Libya Tribune

By Ferhat Polat

This policy outlook examines Russia’s strategy towards Libya post- 2011. The Kremlin ’s various interests in Libya are assessed and used to explain Russia’s policy in Libya and its effect on the Libyan conflict.

.PART (II)

Moscow’s ties with Haftar

The Kremlin, under Vladimir Putin, has sought to increase its influence in Libya through its backing of Haftar’s war against the Tripoli-based GNA. Russia’s rapprochement with Haftar can be traced back to 2015 when Moscow engaged in the Libyan civil war after the NATO-backed intervention to oust Gaddafi.

According to media reports, Putin wants to make the war torn North African country “his new Syria”. From 2015 to 2019, Moscow provided financial and diplomatic support for Haftar but since 2019 Russia has intervened far more directly to shape the outcome of Libya’s chaotic civil war.

Reportedly, it has brought in advanced fighter jets, air defence systems, mercenaries, and precision-guided artillery, the same playbook that made the Kremlin a principal player in the Syrian civil war.

Since 2015, Russia’s diplomatic engagement with Haftar has intensified. Haftar has met with Russian ministers on several occasions. It was claimed that Russia and the LNA signed a $2 billion arms deal in exchange for allowing Russia to establish a military facility in eastern Libya.

According to media reports, Haftar reached out to the Kremlin for military and financial support in 2015. In return, Haftar promised lucrative oil exports to Russia if he could take control of the Sharara and El Fil oil fields. Allegedly, Russia accepted the offer and started giving Haftar’s forces military advice and diplomatic support at the UN. Russia has even been accused of printing money for the parallel central bank in eastern Libya. It is claimed the money has been used to fuel the war on Tripoli.

Since 2015, Russia has been ramping up its engagement in Libya, where it sees an opportunity and a chance to expand its influence. Therefore, the Kremlin has been supporting Haftar in order to preserve the sites for exploration and production of oil, which are located largely in the east and southeast of Libya, currently controlled by Haftar’s forces.

The Central Bank of Libya headquartered in Tripoli is Libya’s only internationally recognised central bank. However, Russian state-owned company Goznak has been accused of printing Libyan dinars and delivering them to the eastern-based Central Bank of Libya (CBL) which is not recognised by the international community.

For instance, Malta recently seized US$ 1.1 billion worth of Libyan dinars notes printed in Russia and bound for eastern Libya. According to a Wall Street Journal report, there have been a series of cash infusions that have helped fund Haftar’s operations. In April this year, 100 tonnes of Russian manufactured Libyan bank notes were delivered to the eastern-based CBL. The inflow of Russian-printed Libyan dinars over the years has aggravated Libya’s economic challenges.

For Ramani, “Russia wants Haftar to have de facto control over eastern and southern Libya, so Moscow can get preferential access to oil fields under his control and maintain a sphere of influence in Libya. Russia’s aim in supporting his offensive on Tripoli was to bolster Haftar’s diplomatic bargaining position, so this dovetails closely with Moscow’s broader strategy”.

Russia’s involvement in Libya takes place primarily through the ‘private’ security firm Wagner, a company with reported ties to the Kremlin. According to a UN report, since September 2019, hundreds of mercenaries from Wagner Group have been operating in Libya. Fighting alongside Haftar’s militias bolstered their efforts to seize the capital from the UN-backed government.

Reportedly, Russia has also supplied Haftar’s militias with anti-tank missiles and laser-guided artillery. Supported by a number of countries, Haftar’s militias made some slow territorial gains in the capital and pushed the war into a more dangerous phase until December 2019.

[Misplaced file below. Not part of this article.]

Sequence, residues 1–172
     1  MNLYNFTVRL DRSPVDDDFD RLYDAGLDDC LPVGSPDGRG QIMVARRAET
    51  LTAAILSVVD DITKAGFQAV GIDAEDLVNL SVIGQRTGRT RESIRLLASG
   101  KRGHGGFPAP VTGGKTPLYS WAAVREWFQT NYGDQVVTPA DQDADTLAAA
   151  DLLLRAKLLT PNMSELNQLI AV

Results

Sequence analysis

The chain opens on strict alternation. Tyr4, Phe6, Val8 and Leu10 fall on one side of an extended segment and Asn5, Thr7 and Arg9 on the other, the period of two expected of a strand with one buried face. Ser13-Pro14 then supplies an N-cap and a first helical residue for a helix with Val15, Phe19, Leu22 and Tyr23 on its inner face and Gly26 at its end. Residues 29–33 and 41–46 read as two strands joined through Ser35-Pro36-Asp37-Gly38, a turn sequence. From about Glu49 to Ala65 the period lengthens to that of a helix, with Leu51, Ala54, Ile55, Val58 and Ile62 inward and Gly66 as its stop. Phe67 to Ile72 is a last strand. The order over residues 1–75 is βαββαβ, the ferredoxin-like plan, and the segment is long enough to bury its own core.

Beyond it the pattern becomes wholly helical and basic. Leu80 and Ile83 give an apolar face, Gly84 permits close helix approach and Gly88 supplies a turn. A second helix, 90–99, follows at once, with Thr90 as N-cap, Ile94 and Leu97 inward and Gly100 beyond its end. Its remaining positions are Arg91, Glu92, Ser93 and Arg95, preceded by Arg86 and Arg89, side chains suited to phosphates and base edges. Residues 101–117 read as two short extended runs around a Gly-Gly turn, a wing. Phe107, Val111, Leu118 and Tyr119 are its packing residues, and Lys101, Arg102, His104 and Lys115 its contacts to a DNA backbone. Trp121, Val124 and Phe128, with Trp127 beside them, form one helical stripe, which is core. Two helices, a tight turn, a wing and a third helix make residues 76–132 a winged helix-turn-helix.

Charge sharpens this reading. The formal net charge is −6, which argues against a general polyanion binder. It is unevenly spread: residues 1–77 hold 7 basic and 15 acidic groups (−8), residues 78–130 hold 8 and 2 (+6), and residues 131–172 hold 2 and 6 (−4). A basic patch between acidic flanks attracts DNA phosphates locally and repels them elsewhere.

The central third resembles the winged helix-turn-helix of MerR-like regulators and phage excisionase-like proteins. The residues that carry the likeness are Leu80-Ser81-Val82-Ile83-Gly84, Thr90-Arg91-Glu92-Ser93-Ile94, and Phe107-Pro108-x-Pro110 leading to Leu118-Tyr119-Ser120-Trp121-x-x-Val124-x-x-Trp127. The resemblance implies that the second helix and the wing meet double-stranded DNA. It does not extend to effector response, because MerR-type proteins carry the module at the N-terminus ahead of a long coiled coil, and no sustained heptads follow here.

In November 2019, Turkey signed a military pact with UN-backed GNA. Since then Turkey has provided vital military support, including armed drones and air defence systems which have shifted the balance on the ground. In early June, GNA forces pushed Haftar’s militias out of Tripoli’s international airport. The following day, they re-captured Tarhuna, a city 90 km to the southeast.

A day after, the oil fields in Sharara were back in the GNA’s controls and were pumping for the first time since January. At the time of writing, GNA forces were advancing on Sirte, the gateway to the east of the country and Libya’s oil fields.

As a result, hundreds of Russian and Syrian mercenaries supporting Haftar have been pulled back from Tripoli’s frontlines. In the meantime, Russia has been accused of sending 14 MiG 29 and Su-24 fighter jets into Haftar-controlled al Jufra airbase, a key military base that has been used as the primary air and logistics hub for Haftar’s LNA into western Libya and launching point for the offensive against UN-backed government in Tripoli.

Will Moscow continue to support Haftar?

At the end of April, Haftar sought to rule out the Libyan Political Agreement(LPA) and pledged that he would move toward installing a new government. Many interpreted his actions as being a means to prevent a bigger role for Aguila Saleh, the Speaker of the Tobruk-based House of Representatives(HoR) during any negotiations that might take place.

Russia did not appear to endorse Haftar’s power grab in Libya. Russian Foreign Minister Sergei Lavrov said that Moscow did not approve of Haftar›s move to seize control of the country.

In the past few weeks, the Kremlin seems to have been reaching out to other Libyan political leaders, the most notable of which is the aforementioned Aguila Saleh.

Haftar’s heavy losses in western Libya have caused fractures within his eastern camp. His recent rejection of the political settlement and declaration of full control over eastern Libya, which angered many of his political allies, including Aguila Saleh and dominant tribes such as al-Ubaidat, have been fanning the flames of discord.

As a result, Haftar may increasingly face challenges to his position. On 30 April, Aguila Saleh declared that he had worked with Russian advisers in drafting a political road map that called for an end to aggressions, the establishment of a three-member presidential council representing Libya’s three main regions and a new government of national unity while proposing only a military position for the LNA.